The MEGABYTE Act Turns 1: We don’t hear many agencies singing happy birthday

With the one-year anniversary approaching for the passage of MEGABYTE Act, SIE evaluated what was learned and accomplished over the past year. For those not familiar with the MEGABYTE Act (Making Electronic Government Accountable By Yielding Tangible Efficiencies), it essentially requires the Chief Information Officer (CIO) of each Executive Department to achieve the following four (4) directives specific to Software License Management (SLM):

1. Policy: Develop a comprehensive software licensing policy identifying roles and responsibilities for management

2. Inventory: Establish a comprehensive inventory of software licenses (including 80% of spending and license agreements) using automated tools

3. Analyze: Analyze software usage, provide training, establish goals and objectives, and implement effective decision-making using the software license management lifecycle

4. Report: Sent to the Office of Management and Budget (OMB), the financial savings or avoidance of spending that resulted from improved software license management

While MEGABYTE adds a layer of compliance requirements to Federal OCIOs relevant to their Software License Management (SLM) programs, it joins another piece of recent legislation intent on achieving similar objectives. Specifically, FITARA, (Federal Information Technology Acquisition Reform Act), which became law in 2014, is broader in scope, and contains the following goals for Federal IT investments:

· Provide better visibility into IT expenditures,

· Improve risk management in IT investment,

· Engage other senior officials in the oversight of IT investments, and

· Give greater authority to the federal government’s more than 250 CIOs to plan, approve and execute IT acquisitions.

OMB developed implementation guidance and established the Common Baseline — a framework for agencies to implement FITARA requirements. The resulting guidance led to the creation of a FITARA scorecard – a way for agencies to be assessed on their progress against requirements. In October 2015, the first scorecard was released. Only two agencies (DOC and GSA) received a “B” score – with others falling below.

Where are we today?

Since implementation, the fourth version of the scorecard has been released. FITARA 4.0 now captures Agency compliance with MEGABYTE and adds a fifth grade assessing performance on SLM. The results released in June 2017 show positive momentum for FITARA scores overall, but reveal more work needs to be done specific to SLM and MEGABYTE. Overall, seven agencies scored a “B,” and one (USAID) scored an “A” with 16 agencies scoring a C or less. For MEGABYTE specifically, every agency (except for Dept. of Education, GSA and USAID) received an F grade. If the Federal Government was in college, these scores might result in academic probation, with serious risk of failing out.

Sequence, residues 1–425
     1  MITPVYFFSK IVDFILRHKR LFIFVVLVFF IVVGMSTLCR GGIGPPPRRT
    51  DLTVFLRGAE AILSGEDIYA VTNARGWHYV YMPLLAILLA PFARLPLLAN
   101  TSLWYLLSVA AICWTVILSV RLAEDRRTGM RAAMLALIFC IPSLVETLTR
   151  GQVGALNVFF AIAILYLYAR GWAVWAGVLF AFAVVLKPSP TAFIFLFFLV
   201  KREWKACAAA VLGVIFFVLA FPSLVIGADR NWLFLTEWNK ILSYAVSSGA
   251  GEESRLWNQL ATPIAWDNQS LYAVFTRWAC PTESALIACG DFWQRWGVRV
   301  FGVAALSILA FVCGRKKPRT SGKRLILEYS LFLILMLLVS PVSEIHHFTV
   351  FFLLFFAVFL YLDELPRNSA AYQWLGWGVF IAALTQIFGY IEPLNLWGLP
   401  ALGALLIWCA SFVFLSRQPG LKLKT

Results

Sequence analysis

How do agencies move forward (and improve their grades)?

Implementing the provisions of the MEGABYTE act takes discipline. Every organization, public, or private, is pulled in multiple directions. Many organizations postpone the implementation of SLM since “IT is working” – often saying we can put the effort off until next quarter (and the quarter after that).

The risk in delaying commitment to SLM includes:

· Paying for software that is not used, or paying too much for software

o Do you know if your deployment and usage match your purchase?

· Having unsecured software deployed

o Ask anyone impacted by Petya or WannaCry – malware is disruptive to the mission, resulting in a reactive security, opposed to proactive optimization.

· Prolonged non-compliance and poor FITARA/MEGABYTE scores

o Let’s face it; nobody likes having somebody look over your shoulder. SLM, when properly implemented, makes data calls and policy compliance routine functions. You can than focus on serving agency customers, and improving performance.

SIE Consulting Group has helped numerous agencies on SLM implementation such as FAA, NRC, OPM, and others. SIE is committed to helping our customers implement SLM resulting in, among other things, reduced spending on software licensing, controls for across the entire software lifecycle and improving overall agency cybersecurity posture. Our Software License Management as a Service (SLMS) program was recognized by award-winning Mary Davie on Great Government Through Technology.

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